Beau Biden is, by all rights, the man of the family who should have one day become president. In fact, until his premature death from glioblastoma, the Iraq War veteran and Delaware attorney general seemed much more likely to reach the White House than his septuagenarian father.
But we all know how the story goes. The Biden heir dies, giving Barack Obama the perfect excuse to force his vice president out of 2016 contention. Hillary Clinton has the nomination fall into her lap, and she goes on to blow it.
After four years of relitigating the 2016 election, the only Democrat capable of unseating the Republican was indeed Uncle Joe — now an elder statesman armed, not with the sharpest mental acuity, but with an admirable capacity for empathy developed through years of overcoming personal tragedy.
In fact, many people voted for Biden over Donald Trump because the latter seemed incapable of such empathy. Not even a year into his presidency, Biden has failed in this regard, weaponizing his son’s death for political expedience.
The White House repeatedly invoked Beau Biden as a blanket defense since its appalling botch of the U.S. withdrawal from Afghanistan.
After ISIS-K murdered 13 U.S. service members in Kabul, Biden randomly mentioned Beau. He said he was “the father of an Army major who served for a year in Iraq and, before that, was in Kosovo as a U.S. attorney for the better part of six months in the middle of a war — when he came home after a year in Iraq, he was diagnosed, like many, many coming home, with an aggressive and lethal cancer of the brain — who we lost.”
He said it as though the loss of a son to a natural bout of cancer — however tragic that may be — is comparable to the avoidable deaths caused by Biden’s own decision to empower terrorists.
White House press secretary Jen Psaki brought up Beau’s death again when pressed about Biden looking at his watch multiple times during the dignified transfer of the remains of the service members killed in Kabul.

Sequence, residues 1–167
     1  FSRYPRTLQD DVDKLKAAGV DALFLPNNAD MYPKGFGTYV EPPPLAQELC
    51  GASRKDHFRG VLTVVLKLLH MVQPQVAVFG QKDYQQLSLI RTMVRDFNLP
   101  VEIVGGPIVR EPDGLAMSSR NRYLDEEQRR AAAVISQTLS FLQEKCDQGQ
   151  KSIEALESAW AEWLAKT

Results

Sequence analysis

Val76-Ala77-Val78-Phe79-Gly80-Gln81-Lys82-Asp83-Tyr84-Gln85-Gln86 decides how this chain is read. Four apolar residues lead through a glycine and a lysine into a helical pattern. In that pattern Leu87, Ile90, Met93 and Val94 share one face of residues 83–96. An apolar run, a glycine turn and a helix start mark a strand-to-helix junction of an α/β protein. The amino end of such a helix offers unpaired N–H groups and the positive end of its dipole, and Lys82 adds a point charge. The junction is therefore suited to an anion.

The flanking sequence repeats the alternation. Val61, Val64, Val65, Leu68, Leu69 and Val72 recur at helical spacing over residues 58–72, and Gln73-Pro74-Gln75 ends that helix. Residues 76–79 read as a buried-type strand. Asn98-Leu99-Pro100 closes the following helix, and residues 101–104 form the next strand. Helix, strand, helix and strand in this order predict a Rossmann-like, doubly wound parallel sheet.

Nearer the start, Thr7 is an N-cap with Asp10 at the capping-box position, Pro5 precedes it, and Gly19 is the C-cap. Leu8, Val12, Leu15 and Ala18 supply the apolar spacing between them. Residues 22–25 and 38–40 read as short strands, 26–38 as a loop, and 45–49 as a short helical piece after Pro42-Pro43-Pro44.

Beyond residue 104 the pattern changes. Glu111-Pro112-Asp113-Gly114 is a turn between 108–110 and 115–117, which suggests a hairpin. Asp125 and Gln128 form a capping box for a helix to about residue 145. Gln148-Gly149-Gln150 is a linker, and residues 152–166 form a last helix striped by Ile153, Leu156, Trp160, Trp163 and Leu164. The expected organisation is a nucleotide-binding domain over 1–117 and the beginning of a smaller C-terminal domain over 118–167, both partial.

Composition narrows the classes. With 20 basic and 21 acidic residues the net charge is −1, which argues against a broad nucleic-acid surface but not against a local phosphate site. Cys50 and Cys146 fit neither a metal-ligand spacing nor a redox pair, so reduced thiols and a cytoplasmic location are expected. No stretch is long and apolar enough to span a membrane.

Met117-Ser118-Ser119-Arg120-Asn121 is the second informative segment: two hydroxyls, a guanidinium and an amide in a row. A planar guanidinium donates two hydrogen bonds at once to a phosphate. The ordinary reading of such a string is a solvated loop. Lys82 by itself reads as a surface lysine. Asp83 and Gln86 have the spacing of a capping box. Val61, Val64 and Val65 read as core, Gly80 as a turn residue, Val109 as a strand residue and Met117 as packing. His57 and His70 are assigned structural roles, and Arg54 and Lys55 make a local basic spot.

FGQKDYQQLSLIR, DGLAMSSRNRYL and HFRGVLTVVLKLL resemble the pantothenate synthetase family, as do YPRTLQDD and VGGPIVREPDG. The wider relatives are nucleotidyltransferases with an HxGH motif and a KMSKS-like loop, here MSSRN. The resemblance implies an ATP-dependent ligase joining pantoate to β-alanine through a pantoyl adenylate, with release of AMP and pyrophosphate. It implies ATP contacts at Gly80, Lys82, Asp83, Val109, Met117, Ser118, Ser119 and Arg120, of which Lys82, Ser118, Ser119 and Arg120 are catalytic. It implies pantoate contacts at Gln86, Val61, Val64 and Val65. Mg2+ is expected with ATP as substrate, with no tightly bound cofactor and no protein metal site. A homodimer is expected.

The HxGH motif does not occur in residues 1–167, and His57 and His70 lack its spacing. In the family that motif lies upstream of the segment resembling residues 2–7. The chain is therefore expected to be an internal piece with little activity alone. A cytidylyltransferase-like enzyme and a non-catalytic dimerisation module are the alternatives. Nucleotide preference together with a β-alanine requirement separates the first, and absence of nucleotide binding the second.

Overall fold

Now Psaki has done so again, this time to deflect from the horrifying fact that, in retaliation for the ISIS-K attack, we executed a strike that killed innocent Afghan civilians, including seven children.
Beau’s death was a tragedy, but the White House’s incessant references to his loss as a form of political cover dishonor his name.
Sure, it was perfectly appropriate when Biden used Beau’s death as his motivation to spearhead the Obama administration’s Cancer Moonshot Project. It was appropriate to discuss his loss on the campaign trail as part of Biden’s promise to empathize with people in a way that Trump didn’t.
But this use of his name to distract from a possible war crime is simply vile.
The Biden administration is currently committing a sort of stolen valor against Beau, as though a cancer fatality gives Biden cover for laying waste to 20 years of efforts in Afghanistan.
This killing of innocent civilians on the way out will inspire an entire generation of radicalism and terror. The invocation of Beau Biden’s name is, at best, an act of intellectual dishonesty and, at worst, an unacceptable degradation of Beau’s legacy.
Washington Examiner Videos
Original Author: Tiana Lowe
Original Location: ‘But Beau Biden’ is not an excuse for bombing Afghan childrenInternet Explorer Channel Network